But looke, Amazement on thy Mother sits;
    O step betweene her, and her fighting Soule,
    Conceit in weakest bodies, strongest workes.
    2495Speake to her Hamlet.
    Ham. How is it with you Lady?
    Qu. Alas, how is't with you?
    That you bend your eye on vacancie,
    And with their corporall ayre do hold discourse.
    2500Forth at your eyes, your spirits wildely peepe,
    And as the sleeping Soldiours in th'Alarme,
    Your bedded haire, like life in excrements,
    Start vp, and stand an end. Oh gentle Sonne,
    Vpon the heate and flame of thy distemper
    2505Sprinkle coole patience. Whereon do you looke?
    Ham. On him, on him: look you how pale he glares,
    His forme and cause conioyn'd, preaching to stones,
    Would make them capeable. Do not looke vpon me,
    Least with this pitteous action you conuert
    2510My sterne effects: then what I haue to do,
    Will want true colour; teares perchance for blood.
    Qu. To who do you speake this?
    Ham. Do you see nothing there?
    Qu. Nothing at all, yet all that is I see.
    2515Ham. Nor did you nothing heare?
    Qu. No, nothing but our selues.
    Ham. Why look you there: looke how it steals away:
    My Father in his habite, as he liued,
    Looke where he goes euen now out at the Portall. Exit.
    2520Qu. This is the very coynage of your Braine,
    This bodilesse Creation extasie is very cunning in.
    Ham. Extasie?
    My Pulse as yours doth temperately keepe time,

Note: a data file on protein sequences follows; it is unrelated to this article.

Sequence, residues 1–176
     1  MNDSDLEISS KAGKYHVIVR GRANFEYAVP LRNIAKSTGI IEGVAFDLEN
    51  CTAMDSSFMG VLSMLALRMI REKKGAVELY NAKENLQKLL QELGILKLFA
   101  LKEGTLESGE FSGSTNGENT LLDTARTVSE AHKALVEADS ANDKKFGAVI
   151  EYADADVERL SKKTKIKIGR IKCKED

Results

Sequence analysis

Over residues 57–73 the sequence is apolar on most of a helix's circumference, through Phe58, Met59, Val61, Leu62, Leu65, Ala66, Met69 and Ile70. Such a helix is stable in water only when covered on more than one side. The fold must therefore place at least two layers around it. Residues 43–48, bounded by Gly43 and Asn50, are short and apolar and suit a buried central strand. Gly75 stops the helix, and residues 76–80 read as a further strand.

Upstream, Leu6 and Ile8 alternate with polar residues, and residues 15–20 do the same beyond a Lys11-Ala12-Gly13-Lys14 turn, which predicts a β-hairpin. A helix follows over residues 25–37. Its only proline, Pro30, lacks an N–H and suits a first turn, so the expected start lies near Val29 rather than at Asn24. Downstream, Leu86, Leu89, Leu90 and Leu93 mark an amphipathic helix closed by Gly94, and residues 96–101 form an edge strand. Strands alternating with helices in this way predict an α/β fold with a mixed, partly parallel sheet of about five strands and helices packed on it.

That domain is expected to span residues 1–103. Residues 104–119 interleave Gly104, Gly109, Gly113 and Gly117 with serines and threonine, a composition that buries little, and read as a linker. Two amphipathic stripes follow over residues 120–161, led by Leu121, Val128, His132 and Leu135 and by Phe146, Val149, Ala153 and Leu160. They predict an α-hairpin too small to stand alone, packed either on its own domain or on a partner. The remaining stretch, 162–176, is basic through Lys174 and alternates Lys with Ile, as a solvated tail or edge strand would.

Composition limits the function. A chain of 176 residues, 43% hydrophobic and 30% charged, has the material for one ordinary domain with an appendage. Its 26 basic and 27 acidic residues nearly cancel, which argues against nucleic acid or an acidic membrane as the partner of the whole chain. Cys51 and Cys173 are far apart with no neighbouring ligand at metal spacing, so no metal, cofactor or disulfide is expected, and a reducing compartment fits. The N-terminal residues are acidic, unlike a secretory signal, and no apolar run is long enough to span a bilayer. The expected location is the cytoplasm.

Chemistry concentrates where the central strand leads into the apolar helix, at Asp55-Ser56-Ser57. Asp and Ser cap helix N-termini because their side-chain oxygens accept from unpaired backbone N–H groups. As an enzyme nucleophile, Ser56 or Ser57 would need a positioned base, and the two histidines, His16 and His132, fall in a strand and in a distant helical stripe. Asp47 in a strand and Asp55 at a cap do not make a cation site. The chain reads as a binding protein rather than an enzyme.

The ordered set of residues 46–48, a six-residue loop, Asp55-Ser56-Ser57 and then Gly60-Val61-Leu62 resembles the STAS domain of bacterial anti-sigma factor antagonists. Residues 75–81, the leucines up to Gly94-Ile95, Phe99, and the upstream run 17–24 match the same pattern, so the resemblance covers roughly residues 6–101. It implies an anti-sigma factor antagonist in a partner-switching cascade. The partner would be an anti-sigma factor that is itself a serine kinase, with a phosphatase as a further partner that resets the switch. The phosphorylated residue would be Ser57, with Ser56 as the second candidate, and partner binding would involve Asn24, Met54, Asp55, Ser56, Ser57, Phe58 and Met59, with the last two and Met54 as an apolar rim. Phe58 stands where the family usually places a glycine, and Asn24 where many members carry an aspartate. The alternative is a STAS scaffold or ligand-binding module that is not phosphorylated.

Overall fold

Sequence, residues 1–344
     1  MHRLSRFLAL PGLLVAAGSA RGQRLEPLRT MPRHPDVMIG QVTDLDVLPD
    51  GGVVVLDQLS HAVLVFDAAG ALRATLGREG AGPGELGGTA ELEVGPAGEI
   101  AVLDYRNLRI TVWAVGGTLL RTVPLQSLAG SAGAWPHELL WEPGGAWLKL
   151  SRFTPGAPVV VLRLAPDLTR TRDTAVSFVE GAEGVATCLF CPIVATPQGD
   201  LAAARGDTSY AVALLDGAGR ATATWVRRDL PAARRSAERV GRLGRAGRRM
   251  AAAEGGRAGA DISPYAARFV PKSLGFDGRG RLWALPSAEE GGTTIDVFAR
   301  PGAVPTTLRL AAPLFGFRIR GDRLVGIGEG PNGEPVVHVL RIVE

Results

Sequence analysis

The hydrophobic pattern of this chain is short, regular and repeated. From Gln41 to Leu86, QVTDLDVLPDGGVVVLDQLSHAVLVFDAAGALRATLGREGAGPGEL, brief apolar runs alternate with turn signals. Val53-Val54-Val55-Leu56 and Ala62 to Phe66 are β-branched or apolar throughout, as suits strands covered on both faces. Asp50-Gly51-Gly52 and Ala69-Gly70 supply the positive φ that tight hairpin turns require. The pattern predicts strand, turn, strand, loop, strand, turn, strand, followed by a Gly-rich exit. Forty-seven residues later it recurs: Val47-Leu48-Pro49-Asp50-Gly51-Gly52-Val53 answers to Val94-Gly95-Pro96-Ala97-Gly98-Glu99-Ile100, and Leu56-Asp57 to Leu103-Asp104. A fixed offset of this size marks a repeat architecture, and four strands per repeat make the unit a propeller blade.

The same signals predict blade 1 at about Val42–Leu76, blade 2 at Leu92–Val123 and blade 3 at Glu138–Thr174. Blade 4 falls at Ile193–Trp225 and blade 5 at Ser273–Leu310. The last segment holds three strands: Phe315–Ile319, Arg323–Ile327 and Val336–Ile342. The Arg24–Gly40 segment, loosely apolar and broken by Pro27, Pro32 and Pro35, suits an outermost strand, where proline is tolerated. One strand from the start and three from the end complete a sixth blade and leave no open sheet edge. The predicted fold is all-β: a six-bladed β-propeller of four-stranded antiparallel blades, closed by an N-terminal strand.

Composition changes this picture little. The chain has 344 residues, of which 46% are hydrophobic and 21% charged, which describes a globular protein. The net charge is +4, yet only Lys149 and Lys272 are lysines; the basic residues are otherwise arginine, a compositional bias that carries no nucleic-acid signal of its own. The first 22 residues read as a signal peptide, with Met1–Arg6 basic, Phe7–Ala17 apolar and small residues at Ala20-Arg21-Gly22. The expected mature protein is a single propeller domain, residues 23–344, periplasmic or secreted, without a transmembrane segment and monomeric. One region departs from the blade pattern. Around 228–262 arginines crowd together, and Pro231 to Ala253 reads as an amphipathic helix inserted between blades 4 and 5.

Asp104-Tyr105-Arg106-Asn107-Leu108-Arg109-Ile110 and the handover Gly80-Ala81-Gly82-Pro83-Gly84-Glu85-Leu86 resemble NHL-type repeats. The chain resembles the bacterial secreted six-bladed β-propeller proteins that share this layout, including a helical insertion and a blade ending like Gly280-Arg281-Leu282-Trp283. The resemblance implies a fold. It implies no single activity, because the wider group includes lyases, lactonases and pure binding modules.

And makes as healthfull Musicke. It is not madnesse
    2525That I haue vttered; bring me to the Test
    And I the matter will re-word: which madnesse
    Would gamboll from. Mother, for loue of Grace,
    Lay not a flattering Vnction to your soule,
    That not your trespasse, but my madnesse speakes:
    2530It will but skin and filme the Vlcerous place,
    Whil'st ranke Corruption mining all within,
    Infects vnseene. Confesse your selfe to Heauen,
    Repent what's past, auoyd what is to come,
    And do not spred the Compost or the Weedes,
    2535To make them ranke. Forgiue me this my Vertue,
    For in the fatnesse of this pursie times,
    Vertue it selfe, of Vice must pardon begge,
    Yea courb, and woe, for leaue to do him good.
    Qu. Oh Hamlet,
    2540Thou hast cleft my heart in twaine.
    Ham. O throw away the worser part of it,
    And liue the purer with the other halfe.
    Good night, but go not to mine Vnkles bed,
    Assume a Vertue, if you haue it not, refraine to night,
    2545And that shall lend a kinde of easinesse
    To the next abstinence. Once more goodnight,
    And when you are desirous to be blest,
    Ile blessing begge of you. For this same Lord,
    I do repent: but heauen hath pleas'd it so,
    2550To punish me with this, and this with me,
    That I must be their Scourge and Minister.
    I will bestow him, and will answer well
    The death I gaue him: so againe, good night.
    I must be cruell, onely to be kinde;
    2555Thus bad begins, and worse remaines behinde.
    Qu. What shall I do?
    Ham. Not this by no meanes that I bid you do:
    Let the blunt King tempt you againe to bed,
    Pinch Wanton on your cheeke, call you his Mouse,
    2560And let him for a paire of reechie kisses,
    pp2 Or